Fred B. Koons says his last experience melding an entrepreneurial mortgage company into a bank was a tough one, but he learned from it.
Since October, Mr. Koons, chairman and chief executive officer of Dime Bancorp's mortgage unit, has been focused on integrating North American Mortgage Co., one of the last independent mortgage banks, into Dime.
In an interview this month at Dime's New York headquarters, Mr. Koons asserted that the deal has been the "best acquisition" of a mortgage bank by a large financial institution.
One indication of how successful, he said, is that the mortgage bank's top executives and sales force decided to remain after the deal closed, as Dime accommodated their desire for autonomy in setting prices, compensation levels, and marketing strategies.
But Mr. Koons' experience as head of Chase Manhattan Corp.'s mortgage unit when it bought American Residential Holding Corp. in 1994 was not as happy.
First of all, the timing was terrible-a sudden increase in interest rates led to a plunge in loan demand from the $1 trillion-plus level of 1993.
And industry observers blamed Chase's bureaucratic ways for the exodus of AmRes' top executives and salespeople almost immediately after the sale,
This time around, Mr. Koons said, he paid more attention to "cultural differences and management styles."
Mr. Koons and his deputy at Dime, Richard Mirro, who was also his deputy at Chase, have built morale at the acquired mortgage bank by adopting many of its practices as Dime's own. In fact, Dime's mortgage unit has taken on the North American name.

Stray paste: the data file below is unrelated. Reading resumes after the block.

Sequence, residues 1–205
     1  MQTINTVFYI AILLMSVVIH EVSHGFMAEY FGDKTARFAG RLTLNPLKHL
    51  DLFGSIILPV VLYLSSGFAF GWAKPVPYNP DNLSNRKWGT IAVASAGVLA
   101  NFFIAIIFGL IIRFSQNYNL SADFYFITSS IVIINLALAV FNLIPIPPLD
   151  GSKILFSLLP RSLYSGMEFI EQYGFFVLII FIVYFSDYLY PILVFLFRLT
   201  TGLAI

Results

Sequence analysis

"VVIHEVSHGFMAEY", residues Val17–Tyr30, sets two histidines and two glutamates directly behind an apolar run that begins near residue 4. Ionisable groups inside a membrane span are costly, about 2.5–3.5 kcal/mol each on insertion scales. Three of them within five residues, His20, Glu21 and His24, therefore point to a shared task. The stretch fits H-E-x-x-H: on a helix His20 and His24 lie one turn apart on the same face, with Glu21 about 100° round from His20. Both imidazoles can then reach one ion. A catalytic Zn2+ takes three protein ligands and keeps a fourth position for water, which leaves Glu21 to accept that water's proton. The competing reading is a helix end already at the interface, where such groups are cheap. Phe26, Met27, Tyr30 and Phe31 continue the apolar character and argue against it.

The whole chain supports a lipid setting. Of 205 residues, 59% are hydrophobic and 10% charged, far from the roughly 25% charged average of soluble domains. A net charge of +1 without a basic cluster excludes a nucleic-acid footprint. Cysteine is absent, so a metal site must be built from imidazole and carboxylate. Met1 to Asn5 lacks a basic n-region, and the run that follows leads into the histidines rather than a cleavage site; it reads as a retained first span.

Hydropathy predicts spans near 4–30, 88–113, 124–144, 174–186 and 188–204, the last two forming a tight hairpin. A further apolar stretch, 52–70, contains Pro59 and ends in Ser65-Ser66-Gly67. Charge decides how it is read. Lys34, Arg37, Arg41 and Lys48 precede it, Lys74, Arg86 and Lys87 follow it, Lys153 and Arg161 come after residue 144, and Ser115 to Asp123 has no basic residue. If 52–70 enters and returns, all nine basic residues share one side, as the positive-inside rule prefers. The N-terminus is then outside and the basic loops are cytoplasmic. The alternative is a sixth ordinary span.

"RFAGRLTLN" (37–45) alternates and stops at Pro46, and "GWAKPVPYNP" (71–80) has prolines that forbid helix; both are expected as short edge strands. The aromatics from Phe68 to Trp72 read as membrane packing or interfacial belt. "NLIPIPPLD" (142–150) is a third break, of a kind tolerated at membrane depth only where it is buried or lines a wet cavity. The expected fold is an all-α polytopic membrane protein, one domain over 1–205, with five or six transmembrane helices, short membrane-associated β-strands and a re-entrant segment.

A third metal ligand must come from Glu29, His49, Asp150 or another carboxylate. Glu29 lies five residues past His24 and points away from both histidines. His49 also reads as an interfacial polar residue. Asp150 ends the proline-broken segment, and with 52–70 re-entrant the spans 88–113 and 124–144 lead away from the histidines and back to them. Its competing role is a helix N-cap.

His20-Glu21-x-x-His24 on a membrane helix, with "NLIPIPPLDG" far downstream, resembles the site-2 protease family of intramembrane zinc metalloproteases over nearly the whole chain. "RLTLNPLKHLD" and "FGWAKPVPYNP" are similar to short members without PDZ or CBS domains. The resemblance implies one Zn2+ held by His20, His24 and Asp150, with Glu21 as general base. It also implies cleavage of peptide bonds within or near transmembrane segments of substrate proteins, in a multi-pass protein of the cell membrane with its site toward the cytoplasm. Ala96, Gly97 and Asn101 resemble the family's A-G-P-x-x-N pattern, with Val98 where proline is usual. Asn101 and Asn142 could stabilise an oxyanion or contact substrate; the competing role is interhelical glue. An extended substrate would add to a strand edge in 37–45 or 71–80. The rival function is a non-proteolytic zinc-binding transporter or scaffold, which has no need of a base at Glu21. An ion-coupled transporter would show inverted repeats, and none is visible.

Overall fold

They continued the tradition of North American's annual sales extravaganza at a resort; this year it was at Disney World. They have also retained the institution of the "producers council" where top loan producers meet regularly with senior executives to tell them how the sales force sees things and to voice concerns.
Nor does Dime set prices for North American loan officers, or tell them which products to promote. Instead, Mr. Koons said, Dime posts the market price and tells its loan officers "you go out and set the price."
Because salespeople know their particular markets best, "we feel they are much more effective" at setting a price than a central authority can be, Mr. Koons said. And to make sure they do not give the store away, Dime compensates its loan officers not just on volume, but also on the profitability of the loans made.
At the end of the first quarter, not quite six months after the deal closed, Dime's loan volumes told the story. The thrift made $6.7 billion of home loans, one-third more than in the previous quarter.